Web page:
Trinidad and Tobago football fans were not the only ones who were left underwhelmed last night as the Soca Warriors fell 2-1 to Suriname in extra time of their 2017 CONCACAF Gold Cup playoff contest at the Ato Boldon Stadium in Couva.
Suriname coach Roberto Godeken said he too anticipated more bite from the host nation, even as the South American outfit celebrated their first win over the two island republic since 1985 and their first competitive triumph in this derby since 1979.
“I was expecting more of the [Trinidad and Tobago] team regarding the players who are playing outside of Trinidad,” said Godeken, through a translator. “It looked as though Trinidad were playing a little bit easy. And although they were doing that they are a good team and they have players who can change the game in one minute. But I was expecting more from Trinidad and Tobago.
“We knew that Suriname did not have so much strength so we had to put a game plan where we had a lot of patience in the game. We were looking for opportunities to score a goal but we had a lot of patience in keeping the ball and looking to strike when it was necessary.”
The hosts surrendered possession to their Surinamese visitors for long periods in the first half and applied little to no pressure on the ball. The nippy Suriname attacking trio of Roxey Fer, Sorencio Juliaans and Dimitrie Apai took advantage as they were able to get into positions to collect and work short passes in the final third.
Saintfiet explained that he wanted his team to strike on the counter attack to utilise the pace of wingers Tyrone Charles and Nathan Lewis—both San Juan Jabloteh employees.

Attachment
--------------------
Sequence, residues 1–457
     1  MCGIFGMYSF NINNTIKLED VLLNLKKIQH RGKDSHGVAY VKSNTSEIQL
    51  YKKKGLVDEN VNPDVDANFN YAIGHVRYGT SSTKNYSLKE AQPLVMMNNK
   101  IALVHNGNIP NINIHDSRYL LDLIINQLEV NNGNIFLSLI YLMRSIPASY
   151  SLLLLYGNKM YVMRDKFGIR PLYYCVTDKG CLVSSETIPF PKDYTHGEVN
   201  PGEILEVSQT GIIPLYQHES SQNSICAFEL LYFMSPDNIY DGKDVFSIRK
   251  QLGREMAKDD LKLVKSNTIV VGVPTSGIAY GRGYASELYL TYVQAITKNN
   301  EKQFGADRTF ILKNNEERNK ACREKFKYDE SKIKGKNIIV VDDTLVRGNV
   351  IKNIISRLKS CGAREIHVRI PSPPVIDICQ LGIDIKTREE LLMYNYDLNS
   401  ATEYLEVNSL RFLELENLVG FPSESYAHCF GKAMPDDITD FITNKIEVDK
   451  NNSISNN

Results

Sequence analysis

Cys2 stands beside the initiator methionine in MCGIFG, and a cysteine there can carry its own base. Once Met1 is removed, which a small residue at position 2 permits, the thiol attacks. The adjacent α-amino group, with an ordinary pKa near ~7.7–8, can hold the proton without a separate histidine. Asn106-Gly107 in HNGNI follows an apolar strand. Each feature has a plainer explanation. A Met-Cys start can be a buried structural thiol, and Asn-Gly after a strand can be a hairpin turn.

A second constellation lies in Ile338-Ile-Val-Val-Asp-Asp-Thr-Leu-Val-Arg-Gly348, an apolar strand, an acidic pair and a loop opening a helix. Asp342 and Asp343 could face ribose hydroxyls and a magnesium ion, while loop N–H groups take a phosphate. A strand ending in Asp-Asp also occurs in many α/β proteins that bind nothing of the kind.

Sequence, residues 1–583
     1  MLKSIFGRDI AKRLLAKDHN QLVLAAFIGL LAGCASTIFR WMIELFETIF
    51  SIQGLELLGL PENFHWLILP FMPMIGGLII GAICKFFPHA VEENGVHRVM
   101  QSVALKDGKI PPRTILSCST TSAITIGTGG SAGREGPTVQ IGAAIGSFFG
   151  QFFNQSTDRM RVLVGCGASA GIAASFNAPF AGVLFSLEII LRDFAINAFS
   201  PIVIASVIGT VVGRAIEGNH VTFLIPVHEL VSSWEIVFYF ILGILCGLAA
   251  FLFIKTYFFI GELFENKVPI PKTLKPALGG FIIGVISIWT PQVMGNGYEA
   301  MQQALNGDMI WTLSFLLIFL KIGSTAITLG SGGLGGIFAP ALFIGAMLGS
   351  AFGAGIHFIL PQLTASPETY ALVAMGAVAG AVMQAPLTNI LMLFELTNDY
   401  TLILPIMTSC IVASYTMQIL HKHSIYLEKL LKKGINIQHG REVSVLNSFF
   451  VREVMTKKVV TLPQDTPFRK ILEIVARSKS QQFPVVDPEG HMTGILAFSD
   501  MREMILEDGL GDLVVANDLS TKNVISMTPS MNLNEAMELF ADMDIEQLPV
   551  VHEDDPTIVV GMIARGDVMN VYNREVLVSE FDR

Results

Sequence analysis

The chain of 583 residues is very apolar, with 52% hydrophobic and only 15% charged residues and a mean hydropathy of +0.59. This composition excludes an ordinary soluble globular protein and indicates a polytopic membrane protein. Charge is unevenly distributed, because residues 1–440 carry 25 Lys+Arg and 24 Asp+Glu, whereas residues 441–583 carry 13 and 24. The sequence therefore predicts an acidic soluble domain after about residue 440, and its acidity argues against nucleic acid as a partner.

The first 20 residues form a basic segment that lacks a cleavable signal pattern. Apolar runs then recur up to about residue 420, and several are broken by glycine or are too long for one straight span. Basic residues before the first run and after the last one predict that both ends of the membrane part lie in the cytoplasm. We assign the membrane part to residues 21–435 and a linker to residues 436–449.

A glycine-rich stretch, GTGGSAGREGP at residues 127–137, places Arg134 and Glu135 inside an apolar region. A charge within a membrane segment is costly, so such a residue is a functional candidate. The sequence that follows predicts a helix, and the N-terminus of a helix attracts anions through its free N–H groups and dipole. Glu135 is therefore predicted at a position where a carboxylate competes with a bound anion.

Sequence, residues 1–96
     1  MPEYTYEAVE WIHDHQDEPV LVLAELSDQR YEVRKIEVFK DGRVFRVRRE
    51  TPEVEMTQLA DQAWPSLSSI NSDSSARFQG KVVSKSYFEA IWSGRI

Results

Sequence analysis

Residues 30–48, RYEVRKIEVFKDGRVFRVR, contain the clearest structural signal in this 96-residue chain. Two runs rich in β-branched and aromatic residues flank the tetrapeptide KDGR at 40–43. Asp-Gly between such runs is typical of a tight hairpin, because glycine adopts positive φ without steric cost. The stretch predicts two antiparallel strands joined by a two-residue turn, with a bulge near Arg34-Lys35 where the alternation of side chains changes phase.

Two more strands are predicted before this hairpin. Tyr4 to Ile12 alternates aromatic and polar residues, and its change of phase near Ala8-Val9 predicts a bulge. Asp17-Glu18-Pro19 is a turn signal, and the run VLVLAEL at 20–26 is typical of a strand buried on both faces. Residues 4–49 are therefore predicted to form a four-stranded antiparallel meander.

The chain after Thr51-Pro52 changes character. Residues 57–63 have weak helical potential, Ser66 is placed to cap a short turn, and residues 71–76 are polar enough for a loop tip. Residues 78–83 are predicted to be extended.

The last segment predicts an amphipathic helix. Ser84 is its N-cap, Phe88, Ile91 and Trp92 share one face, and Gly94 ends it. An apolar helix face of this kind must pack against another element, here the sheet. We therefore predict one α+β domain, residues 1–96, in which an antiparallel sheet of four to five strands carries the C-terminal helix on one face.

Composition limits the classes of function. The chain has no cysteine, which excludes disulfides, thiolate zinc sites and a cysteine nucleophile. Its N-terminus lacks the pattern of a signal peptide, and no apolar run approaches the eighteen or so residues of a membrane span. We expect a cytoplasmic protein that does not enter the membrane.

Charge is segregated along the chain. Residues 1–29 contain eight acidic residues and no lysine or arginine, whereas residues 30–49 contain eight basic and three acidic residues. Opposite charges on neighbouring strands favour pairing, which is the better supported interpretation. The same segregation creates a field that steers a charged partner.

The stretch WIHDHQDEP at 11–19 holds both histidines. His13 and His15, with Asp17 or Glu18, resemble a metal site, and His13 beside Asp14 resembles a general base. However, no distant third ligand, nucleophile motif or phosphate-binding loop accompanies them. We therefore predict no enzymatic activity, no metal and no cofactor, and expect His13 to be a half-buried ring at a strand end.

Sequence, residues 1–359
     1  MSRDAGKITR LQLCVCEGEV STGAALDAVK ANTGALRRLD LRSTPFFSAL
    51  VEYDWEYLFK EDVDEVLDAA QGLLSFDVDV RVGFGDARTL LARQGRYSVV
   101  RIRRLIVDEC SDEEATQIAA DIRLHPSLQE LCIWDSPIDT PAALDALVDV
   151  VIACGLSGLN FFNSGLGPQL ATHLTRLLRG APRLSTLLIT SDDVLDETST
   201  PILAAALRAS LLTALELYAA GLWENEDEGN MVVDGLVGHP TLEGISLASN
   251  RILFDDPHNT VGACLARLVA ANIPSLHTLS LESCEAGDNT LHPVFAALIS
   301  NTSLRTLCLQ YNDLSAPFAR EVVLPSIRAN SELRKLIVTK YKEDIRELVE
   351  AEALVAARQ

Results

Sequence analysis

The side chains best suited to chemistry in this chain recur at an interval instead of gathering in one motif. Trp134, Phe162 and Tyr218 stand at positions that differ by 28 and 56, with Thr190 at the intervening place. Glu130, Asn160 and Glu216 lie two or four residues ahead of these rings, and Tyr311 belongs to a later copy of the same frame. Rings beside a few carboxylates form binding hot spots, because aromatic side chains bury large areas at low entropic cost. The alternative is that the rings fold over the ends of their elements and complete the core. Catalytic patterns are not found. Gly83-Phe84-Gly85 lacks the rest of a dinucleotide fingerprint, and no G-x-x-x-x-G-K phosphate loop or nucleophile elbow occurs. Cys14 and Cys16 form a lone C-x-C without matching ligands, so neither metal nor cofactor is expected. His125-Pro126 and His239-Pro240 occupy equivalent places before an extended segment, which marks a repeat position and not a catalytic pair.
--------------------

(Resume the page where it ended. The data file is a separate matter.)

But he conceded that his central defensive pairing of Radanfah Abu Bakr and Carlyle Mitchell had their own problems negating the threat of the Suriname attackers.
“Suriname didn’t surprise me [because] I saw them play against Guyana,” said Saintfiet. “They were 1-nil down in the first five minutes and they came back—also in extra time—to win 3-1. They have a lot of players who are skilful on the ball. And for sure we had some difficulties with Fer and Juliaans.
“Maybe if Maurice Ford was available I would have opted to start with him because he is smaller and more aggressive and faster. Now, I had to start with two tall central defenders who sometimes had problems at the beginning of the game with the speed and actions of the players of Suriname.”
Mitchell and Abu Bakr may have had their hands full with the tenacious duo of Fer and Juliaans on the defensive end, but both centre backs also had presentable scoring opportunities from set pieces in the first half.
In the 29th minute, Abu Bakr glanced a Charles free kick wide, while Mitchell followed suit from another Charles delivery in the 40th minute.
Apart from terrorising defender Miquel Darson with speed and trickery down the left flank, Charles’ set pieces were always a threat. And he scored a picture-perfect free kick to tie the game up at one in the 82nd minute. Saintfiet was disappointed that his team did not make better use of the other set piece chances created by the tricky winger.